Grace Poe nemesis declared nuisance bet

MANILA, Philippines (UPDATED) – The Commission on Elections (Comelec) on Wednesday, December 9, said it has disqualified Rizalito David, a known nemesis of Senator Grace Poe, from the presidential race.

In a resolution, the Comelec Second Division granted the petition of the poll body’s law department to declare David a nuisance candidate, and to cancel his certificate of candidacy (COC).

The Comelec Second Division promulgated this decision on December 3, but released it to reporters only on Wednesday. Comelec Commissioners Al Parreño, Arthur Lim, and Sheriff Abas – who earlier also disqualified Poe – signed the resolution.

Explaining why it disqualified David, the Comelec Second Division said David claimed he was nominated by Kapatiran Party.

Kapatiran Party refuted David’s claim that he is the party’s official candidate.

The Comelec Second Division said this means David “can only be considered to be running as an independent candidate or one without support by a political party.” 

The Comelec Second Division also said David “has no bona fide intention to run” for president.

‘No proof’ of funding 

The division pointed out that in his COC, David wrote “that he is a ‘broadcaster.’”

“While such is a noble way to earn a living, a clear proof however of his financial capability to run a nationwide campaign is absent,” the poll commissioners said.

David has repeatedly tried to remove Poe from the Senate and, in effect, bar her from running for president in May 2016.

David earlier filed a petition before the Senate Electoral Tribunal (SET) to disqualify Poe as senator. The SET eventually junked David’s petition.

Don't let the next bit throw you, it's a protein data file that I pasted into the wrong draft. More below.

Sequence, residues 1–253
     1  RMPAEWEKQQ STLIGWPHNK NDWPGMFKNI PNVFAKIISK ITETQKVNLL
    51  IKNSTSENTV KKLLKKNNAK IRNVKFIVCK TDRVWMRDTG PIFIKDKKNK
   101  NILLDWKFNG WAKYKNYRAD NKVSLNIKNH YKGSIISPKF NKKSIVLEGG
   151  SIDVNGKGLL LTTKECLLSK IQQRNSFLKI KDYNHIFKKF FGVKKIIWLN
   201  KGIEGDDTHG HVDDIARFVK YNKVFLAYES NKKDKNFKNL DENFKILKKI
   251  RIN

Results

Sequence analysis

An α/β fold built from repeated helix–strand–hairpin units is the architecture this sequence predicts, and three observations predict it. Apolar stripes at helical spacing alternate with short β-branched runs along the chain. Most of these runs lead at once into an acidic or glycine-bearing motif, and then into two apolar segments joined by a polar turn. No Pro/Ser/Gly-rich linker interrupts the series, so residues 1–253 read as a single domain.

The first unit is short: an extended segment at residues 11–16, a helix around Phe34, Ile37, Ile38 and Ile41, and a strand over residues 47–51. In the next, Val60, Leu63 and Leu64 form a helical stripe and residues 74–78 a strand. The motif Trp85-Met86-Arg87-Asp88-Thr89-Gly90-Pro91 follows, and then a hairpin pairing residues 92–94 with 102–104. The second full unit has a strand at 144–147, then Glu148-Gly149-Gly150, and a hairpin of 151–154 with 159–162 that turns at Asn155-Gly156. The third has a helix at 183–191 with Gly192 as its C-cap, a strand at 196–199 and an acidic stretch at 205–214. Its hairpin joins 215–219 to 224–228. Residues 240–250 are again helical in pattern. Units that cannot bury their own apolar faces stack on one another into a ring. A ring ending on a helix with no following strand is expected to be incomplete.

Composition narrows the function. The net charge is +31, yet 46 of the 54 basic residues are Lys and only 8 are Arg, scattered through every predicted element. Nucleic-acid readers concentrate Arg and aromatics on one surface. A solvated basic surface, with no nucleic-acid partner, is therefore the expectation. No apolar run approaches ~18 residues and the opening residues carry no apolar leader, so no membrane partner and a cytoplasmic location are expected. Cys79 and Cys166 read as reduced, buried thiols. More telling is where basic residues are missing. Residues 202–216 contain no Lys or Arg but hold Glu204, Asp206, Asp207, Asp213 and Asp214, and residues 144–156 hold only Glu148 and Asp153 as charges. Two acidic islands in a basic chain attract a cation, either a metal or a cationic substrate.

Later, David also filed a petition against Poe before the Comelec. The petition, which is pending before the poll body, revolves around the senator’s citizenship.

Supreme Court

In a phone interview with Rappler, David said he will go through the procedure and file a motion for reconsideration on Monday, December 14. 

If the Comelec does not change its position, he plans to bring the issue to the Supreme Court (SC). 

He criticized the Comelec Second Division for "adding another requirement" for presidential aspirants like him.

“'If you don’t have the money, you can’t run.' That’s what they’re saying: ‘You’re only a broadcaster, you have no capacity to launch a national campaign.’ [That] is wrong, that is unjust, and discriminatory, because candidates may be qualified intellectually [and] with competence,” he told Rappler.

"Sa Omnibus Election Code, walang sinasabi na minimum amount to spend per voter – P10 [is the] maximum but no minimum. So if I can spend 10 centavos per voter, [sapat] na yun. Why are they using money against me?"

(In the Omnibus Election Code, there's no minimum amount to spend per voter – P10 is the maximum but no minimum. So if I can spend 10 centavos per voter, that should be sufficient enough. Why are they using money against me?)

He lamented that unfortunately, for those who don’t have the money, they "can be easily dismissed as nuisance candidates."

Kapag tinagalog mo yung nuisance: nang-iinis. Mukha ba akong nang-iinis? Hindi ba dapat on their own, change that thing already to eligible or ineligible?” he added. 

(If you translate 'nuisance' to Tagalog: It means 'nang-iinis.' Do I look like I'm annoying anyone? Shouldn't they, on their own, change that thing already to eligible or ineligible?) 

He called on the Comelec to exercise its authority with more prudence and justice. 

When asked about how he will launch a national campaign, he said there are “several Catholic charismatic organizations backing me up." 

He mentioned a few: Soldiers of Christ, Servant Community, and Children of Light.  

“I plan to go to the parishes because that is where my supporters are. And in the organizations as of now who are backing up my campaign, they're already composed of 300,000 members all over the Philippines,” he said. – with a report from Jee Geronimo/Rappler.com

Paterno R. Esmaquel II

Paterno R. Esmaquel II is a senior reporter leading Rappler’s coverage of religion and foreign affairs. He finished MA Journalism in Ateneo and MSc Asian Studies (Religions in Plural Societies) at RSIS, Singapore. For story ideas or feedback, email him at pat.esmaquel@rappler.com.

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